The Library of Congress has a casting call out for scholars, archivists and film enthusiasts to participate in a cinematic treasure hunt by registering for its free “Mostly Lost” workshop at the Packard Campus for Audio Visual Conservation in Culpeper, Virginia, Thursday, June 15 through Saturday, June 17. The quest of the film detectives is to find clues that will lead to the identification of unidentified, under-identified or misidentified silent and early sound films.
The sixth in an ongoing series, “Mostly Lost” will bring together a cadre of experts who will work together to find out as much information as possible about the unknown, or little-known, films. During the screenings, attendees are encouraged to talk in the theater, calling out names of actors, locations, car models, production companies or anything else they recognize about each film.
All genres of films will be shown, including comedies, dramas and actuality films. Philip Carli, Ben Model and Andrew Simpson will provide live musical accompaniment during the workshop and at evening presentations of newly preserved silent films.
The workshop will feature unidentified films from the Library’s collections as well as from other archives, including the EYE Filmmuseum, George Eastman Museum and Cinémathèque Française.
Of the possible 142 titles screened at the workshop in 2016, 32 films—23 percent—were identified during the event. Through further research conducted in collaboration with the Association of Moving Image Archivists Nitrate Committee’s Flickr page after the workshop, an additional 22 titles have been identified.
The evening screenings are free and open to the general public. In case of inclement weather, call the theater reservation line no more than three hours before showtime to verify status. For further information on the theater and film schedule, visit loc.gov/avconservation/theater/
The Library of Congress Packard Campus for Audio Visual Conservation is a state-of-the-art facility funded as a gift to the nation by the Packard Humanities Institute. The Packard Campus is the site where the nation’s library acquires, preserves and provides access to the world’s largest and most comprehensive collection of motion pictures, television programs, radio broadcasts and sound recordings (loc.gov/avconservation/
). The Packard Campus is home to more than 7 million collection items.
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Thursday, June 15
8:30 a.m. Tour of the Packard Campus for Audio Visual Conservation
10:30 a.m. – 11:15 a.m. (for those not on the tour)
Barnstorming Brinton: The Business of Early Moving Pictures. Presented by Mike Zahs. From the time he showed his first films in 1895 until he left the road in 1908, W. Frank Brinton was one of the most prolific showmen in the central United States. Brinton introduced moving pictures to rural audiences in his home state of Iowa, north to Minnesota and south to Texas. His legacy continues today because of the survival of over five hours of film and over 8,000 artifacts from his estate. Historian Michael Zahs examines the heyday of the Brinton Entertaining Company from 1904-1908, a time when Brinton was one of the most highly respected and highly paid entertainers in the Midwest. Presenting exhaustive evidence and original datebooks, receipts, newspaper accounts and catalogs from Pathé, Edison and Star Films, Zahs creates a lively portrait of life on the road for a true pioneer of the moving picture.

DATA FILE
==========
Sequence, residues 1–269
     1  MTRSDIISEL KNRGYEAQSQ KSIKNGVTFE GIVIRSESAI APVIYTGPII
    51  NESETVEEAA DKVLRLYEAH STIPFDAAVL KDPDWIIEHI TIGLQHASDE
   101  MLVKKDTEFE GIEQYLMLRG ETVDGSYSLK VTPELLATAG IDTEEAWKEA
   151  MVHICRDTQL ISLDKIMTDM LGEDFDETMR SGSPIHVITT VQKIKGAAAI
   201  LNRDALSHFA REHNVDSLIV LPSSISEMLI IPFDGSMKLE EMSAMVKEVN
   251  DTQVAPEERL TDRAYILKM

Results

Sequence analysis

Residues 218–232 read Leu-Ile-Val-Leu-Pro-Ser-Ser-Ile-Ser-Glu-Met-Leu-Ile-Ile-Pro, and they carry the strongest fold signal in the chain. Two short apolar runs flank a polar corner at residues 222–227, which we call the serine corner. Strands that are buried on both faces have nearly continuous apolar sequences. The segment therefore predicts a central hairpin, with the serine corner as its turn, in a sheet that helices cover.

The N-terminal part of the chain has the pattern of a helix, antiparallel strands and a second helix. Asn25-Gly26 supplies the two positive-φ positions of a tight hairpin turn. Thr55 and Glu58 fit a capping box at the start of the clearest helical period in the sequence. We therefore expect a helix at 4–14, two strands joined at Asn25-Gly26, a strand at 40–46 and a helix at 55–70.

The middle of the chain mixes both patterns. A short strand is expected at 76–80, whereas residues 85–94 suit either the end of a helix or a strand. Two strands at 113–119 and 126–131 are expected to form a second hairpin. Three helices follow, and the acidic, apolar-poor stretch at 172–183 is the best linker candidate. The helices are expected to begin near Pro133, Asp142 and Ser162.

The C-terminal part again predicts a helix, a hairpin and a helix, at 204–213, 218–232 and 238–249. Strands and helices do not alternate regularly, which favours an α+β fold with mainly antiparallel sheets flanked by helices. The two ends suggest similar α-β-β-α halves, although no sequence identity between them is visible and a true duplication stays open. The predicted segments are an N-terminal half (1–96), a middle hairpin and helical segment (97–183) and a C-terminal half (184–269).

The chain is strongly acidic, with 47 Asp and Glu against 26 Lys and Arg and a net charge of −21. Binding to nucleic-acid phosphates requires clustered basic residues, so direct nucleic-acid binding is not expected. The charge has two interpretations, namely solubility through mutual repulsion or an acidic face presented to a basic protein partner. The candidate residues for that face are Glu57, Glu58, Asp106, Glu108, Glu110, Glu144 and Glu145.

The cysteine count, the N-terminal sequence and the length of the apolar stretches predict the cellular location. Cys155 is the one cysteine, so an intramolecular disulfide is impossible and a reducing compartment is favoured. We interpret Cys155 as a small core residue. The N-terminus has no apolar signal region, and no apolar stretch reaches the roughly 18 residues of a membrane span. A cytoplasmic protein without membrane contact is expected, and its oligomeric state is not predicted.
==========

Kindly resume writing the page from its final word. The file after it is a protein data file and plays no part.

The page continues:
12:30 p.m. - 5:15 p.m. Screenings of unidentified films from archives around the world as well as these presentations:
Where Did Our Films Go? The Destruction of Some American Silent Features. Presented by David Pierce. It is well-known that most silent feature films no longer survive. In this presentation, David Pierce will review three tragic events—the Fox film vault fire at Little Ferry, New Jersey, in the summer of 1937 (which affected multiple studio collections), the destruction of the silent-era Universal Pictures library in the late 1940s, and a film fire, never previously disclosed, that destroyed dozens of silent features of the 1920s. The presentation will include rare home-movie footage, original photographs, vault inventories and destruction records.
Biograph Days: The American Mutoscope & Biograph Company and the Paper Print Collection. Presented by Paul Spehr. One of the treasures in the Library’s Paper Print Collection is the archive of the American Mutoscope & Biograph Company films. Although the company is best known for the films of D. W. Griffith, it actually played a key role in American cinema before his arrival. American Mutoscope released films in a large format, called 68 mm today. The films were not sold and could only be shown on the company’s projectors. The company provided a package consisting of a projector, projectionist and a changing program of films, usually 15 to 18 short films, which were typically accompanied by the house orchestra and sound effects. A 1902 lawsuit changed this and the company began selling its films on 35 mm, submitting a selection of its leading productions as paper prints for copyright. During that period, the most popular films were news and actuality films and the company had a close relationship with newspapers.
Silent Films in St. Augustine, Florida. Presented by Thomas Graham.In the days when New York City was the hub of the film industry, St. Augustine—America’s oldest settlement—was just 32 hours away by rail. During the winter, the location offered sunshine, balmy atmosphere, semi-tropical verdure and antique Spanish buildings. More than 120 films were made, at least partly, in St. Augustine. Theda Bara rose to fame with “A Fool There Was,” and a host of others, including Tom Mix, Rudolph Valentino, Ethel Barrymore and Oliver Hardy, performed in exotic settings.
7:30 p.m. Newly restored silent films of “Now We’re In The Air” (1927) and “Corporal Kate” (1926) will be screened from 35 mm prints at the Packard Campus. Andrew Simpson will provide musical accompaniment. The event is free and open to the public.